Thursday, November 13, 2008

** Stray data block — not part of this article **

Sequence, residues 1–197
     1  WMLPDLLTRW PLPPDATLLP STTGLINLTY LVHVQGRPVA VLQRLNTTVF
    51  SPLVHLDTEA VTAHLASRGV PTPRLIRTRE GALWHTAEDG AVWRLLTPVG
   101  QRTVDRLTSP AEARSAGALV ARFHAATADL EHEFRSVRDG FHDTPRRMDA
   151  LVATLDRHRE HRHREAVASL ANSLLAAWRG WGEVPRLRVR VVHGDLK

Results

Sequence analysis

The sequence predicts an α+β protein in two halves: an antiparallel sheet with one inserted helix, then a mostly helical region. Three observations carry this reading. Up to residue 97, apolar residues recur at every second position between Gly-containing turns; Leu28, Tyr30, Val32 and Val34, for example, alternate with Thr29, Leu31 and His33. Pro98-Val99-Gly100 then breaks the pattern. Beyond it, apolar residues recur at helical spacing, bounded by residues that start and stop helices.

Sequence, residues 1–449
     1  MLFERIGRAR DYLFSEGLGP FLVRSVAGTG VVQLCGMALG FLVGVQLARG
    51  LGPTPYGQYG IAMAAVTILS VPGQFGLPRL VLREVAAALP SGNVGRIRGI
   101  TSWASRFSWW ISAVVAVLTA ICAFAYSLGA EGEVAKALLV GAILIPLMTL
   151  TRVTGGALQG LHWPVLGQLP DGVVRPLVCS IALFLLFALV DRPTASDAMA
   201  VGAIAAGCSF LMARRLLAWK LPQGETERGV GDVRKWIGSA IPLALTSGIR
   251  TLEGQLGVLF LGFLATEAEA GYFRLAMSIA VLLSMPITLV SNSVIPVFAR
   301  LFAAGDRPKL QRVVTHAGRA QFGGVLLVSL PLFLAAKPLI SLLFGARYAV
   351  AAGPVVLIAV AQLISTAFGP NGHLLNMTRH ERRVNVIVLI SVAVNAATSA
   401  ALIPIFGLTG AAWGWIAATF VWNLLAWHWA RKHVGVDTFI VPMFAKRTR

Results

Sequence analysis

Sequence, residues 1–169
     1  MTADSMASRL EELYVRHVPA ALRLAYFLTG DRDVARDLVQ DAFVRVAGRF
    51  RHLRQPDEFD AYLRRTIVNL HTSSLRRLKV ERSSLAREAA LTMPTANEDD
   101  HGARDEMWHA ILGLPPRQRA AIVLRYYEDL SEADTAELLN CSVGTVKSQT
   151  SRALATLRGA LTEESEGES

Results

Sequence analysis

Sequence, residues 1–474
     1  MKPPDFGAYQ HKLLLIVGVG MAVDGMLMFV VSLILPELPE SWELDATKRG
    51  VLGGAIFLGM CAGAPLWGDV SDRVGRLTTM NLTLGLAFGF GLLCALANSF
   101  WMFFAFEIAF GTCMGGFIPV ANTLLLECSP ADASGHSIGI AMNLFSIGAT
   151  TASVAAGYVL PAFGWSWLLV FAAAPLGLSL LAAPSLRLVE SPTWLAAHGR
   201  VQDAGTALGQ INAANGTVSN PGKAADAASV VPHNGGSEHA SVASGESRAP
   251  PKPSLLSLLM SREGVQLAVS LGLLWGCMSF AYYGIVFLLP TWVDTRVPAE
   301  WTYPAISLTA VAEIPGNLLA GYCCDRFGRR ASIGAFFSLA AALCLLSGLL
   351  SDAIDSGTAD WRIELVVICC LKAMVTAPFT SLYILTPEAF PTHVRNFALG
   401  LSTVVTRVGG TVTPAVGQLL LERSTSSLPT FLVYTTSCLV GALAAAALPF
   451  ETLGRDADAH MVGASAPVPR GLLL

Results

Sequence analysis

I have read two more chapters in "Preaching To A Shifting Culture: 12 Perspectives On Communicating That Connects" , edited by Scott M. Gibson. (For a link to purchase this book, please see earlier articles.) In "Who's Listening Out There?" by David Hansen, Hansen outlines his concerns about reducing the Biblical content of our sermons. According to Hansen, the decisions a preacher makes about the life and values of his congregation affects the whole of his sermons and ultimately, the preacher's own theology. If a preacher decides that his congregation cannot handle sermons with a healthy amount of Biblical content, he will edit out the content and in the process come to believe that not only do they not need the content, but that the preacher himself does not need to concern himself with it either. As the preacher switches his focus away from Biblical content to the various concerns of his congregation, preachers become pluralists, trying to reach people with a myriad of messages. If we assert that our preaching must reflect the culture, should our preaching have reflected the culture from years past. Hansen points out that much preaching in the past was to affirm a culture that contained many inequities, such as racism. Should the preachers then ignored the issue so that the prevailing culture not doubt itself. Anyway, that is just what happened in the past and in the process the Church lost its prophetic voice. The other article, "Preaching To The Whole Church" by Alice P. Matthews, is a history of the decline of male participation within the Church. As male attendance has declined, the Church's theology and hymns became feminized. Matthews calls upon the Church to rectify then situation by three approaches: one, to return ritual to mark the seasons in mens' lives, two, to call men to a life of struggle and warfare, and three, seek to teach a brotherly love that appeals to men and causes them to lay down their lives for others.